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Acta Physiol Scand. 1995 Jul;154(3):291-302.

Effects of immobilization on the rat soleus muscle in relation to age.

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1
Department of Neurology, Karolinska Hospital, Stockholm, Sweden.

Abstract

A hind limb of young adult, adult and old male Wistar rats (4-5, 6-7 and 20-21 months, respectively) was immobilized for 4 weeks by a plaster cast with the knee and ankle joints in a resting position. Enzyme-histochemical, morphometrical and contractile characteristics of the soleus muscle were compared with those in age-matched controls. A pronounced decrease in muscle mass and cross-sectional muscle fibre area was found at all ages. The degree of atrophy after immobilization did not differ between different fibre types in each age group, but the decrease in fibre area was less pronounced in old animals (i.e. the fibre area was decreased by 49-64, 53-66 and 27-38% in young adult, adult and old animals, respectively). The maximum tetanus force was decreased in all age groups (by 73, 78 and 69% in young adult, adult and old rats, respectively) as was the tetanus tension (i.e. tetanus force divided by muscle fibre cross-sectional area). The contraction time of the isometric twitch was significantly altered, i.e. decreased, only in the youngest age group, although it also tended to decrease in old age. A significant increase in the number and proportion of fibre types intermediate to types I and IIA, was found in the immobilized muscle of 4-5- and 6-7-month-old animals, but not in that of old ones (i.e. the proportion of intermediate fibres increased by 14, 13 and 2% in young adult, adult and old animals, respectively). Thus, in contrast to the atrophic changes, the contractile alterations after immobilization were not markedly different between young and old age. It is further concluded that the age-related fast-to-slow muscle fibre transition that occurs in normal soleus during maturation and growth can be partly reversed by restrictions of the normal muscle activity and that the ability of the soleus to modulate its fibre-type composition in response to a change in activity may be diminished in old age.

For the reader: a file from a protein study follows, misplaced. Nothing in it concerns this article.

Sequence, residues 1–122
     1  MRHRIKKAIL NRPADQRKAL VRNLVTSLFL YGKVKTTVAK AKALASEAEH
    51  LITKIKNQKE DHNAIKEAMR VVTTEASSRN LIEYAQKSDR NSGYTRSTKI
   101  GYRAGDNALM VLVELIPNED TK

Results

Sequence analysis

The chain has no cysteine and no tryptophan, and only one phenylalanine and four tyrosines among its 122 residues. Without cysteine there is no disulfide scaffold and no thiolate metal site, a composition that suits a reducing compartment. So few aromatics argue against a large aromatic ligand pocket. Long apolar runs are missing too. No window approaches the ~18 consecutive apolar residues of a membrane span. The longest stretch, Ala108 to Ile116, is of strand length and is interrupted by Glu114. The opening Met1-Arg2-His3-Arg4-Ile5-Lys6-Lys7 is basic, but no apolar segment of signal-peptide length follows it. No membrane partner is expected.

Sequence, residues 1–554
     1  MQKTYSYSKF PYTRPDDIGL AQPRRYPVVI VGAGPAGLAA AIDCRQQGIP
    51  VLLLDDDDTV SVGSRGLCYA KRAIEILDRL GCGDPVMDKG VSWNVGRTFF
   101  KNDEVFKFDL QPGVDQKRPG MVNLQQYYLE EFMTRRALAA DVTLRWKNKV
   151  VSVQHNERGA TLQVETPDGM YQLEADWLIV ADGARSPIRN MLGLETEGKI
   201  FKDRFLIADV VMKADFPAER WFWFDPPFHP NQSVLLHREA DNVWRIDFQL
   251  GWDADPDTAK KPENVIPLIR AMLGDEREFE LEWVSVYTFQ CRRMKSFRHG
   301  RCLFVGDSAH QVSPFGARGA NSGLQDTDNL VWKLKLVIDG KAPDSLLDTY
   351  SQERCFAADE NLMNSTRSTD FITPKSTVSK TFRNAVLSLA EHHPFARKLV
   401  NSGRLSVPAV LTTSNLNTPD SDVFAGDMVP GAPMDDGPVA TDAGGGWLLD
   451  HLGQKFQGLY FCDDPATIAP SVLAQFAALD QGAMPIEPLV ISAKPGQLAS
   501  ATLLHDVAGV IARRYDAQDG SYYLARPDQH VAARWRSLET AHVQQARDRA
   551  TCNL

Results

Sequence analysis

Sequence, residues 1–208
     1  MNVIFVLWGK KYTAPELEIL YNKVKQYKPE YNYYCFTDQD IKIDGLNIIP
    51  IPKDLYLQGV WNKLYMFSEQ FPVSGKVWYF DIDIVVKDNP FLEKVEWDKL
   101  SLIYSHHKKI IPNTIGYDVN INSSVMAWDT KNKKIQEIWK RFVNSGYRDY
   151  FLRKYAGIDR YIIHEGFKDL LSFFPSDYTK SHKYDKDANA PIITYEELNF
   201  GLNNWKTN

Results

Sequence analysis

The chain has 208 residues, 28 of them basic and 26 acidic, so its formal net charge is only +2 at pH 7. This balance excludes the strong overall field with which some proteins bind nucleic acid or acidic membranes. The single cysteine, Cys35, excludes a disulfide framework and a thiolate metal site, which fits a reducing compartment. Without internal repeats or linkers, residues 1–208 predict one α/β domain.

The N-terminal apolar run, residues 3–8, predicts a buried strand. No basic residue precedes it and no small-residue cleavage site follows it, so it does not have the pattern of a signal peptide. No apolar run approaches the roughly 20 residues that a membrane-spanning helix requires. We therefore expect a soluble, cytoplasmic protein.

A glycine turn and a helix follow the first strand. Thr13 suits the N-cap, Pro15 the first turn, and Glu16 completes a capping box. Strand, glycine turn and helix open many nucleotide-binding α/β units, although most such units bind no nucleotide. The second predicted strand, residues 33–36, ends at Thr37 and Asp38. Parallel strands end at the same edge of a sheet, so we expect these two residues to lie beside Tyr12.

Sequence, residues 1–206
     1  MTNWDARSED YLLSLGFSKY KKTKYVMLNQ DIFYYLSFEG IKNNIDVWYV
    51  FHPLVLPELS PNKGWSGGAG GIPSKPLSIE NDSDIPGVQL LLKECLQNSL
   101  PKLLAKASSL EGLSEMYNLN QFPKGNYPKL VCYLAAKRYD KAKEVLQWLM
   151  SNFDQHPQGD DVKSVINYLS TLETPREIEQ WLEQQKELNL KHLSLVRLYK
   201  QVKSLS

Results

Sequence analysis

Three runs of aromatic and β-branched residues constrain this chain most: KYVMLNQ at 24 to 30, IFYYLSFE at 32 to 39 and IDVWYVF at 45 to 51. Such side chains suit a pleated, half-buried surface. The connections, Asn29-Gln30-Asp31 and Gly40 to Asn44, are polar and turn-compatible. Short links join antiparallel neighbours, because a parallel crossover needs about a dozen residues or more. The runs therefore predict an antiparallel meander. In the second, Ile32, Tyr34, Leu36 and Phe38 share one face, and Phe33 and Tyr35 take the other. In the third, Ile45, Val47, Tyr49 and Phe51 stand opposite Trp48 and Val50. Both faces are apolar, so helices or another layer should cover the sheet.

[Indexed for MEDLINE]

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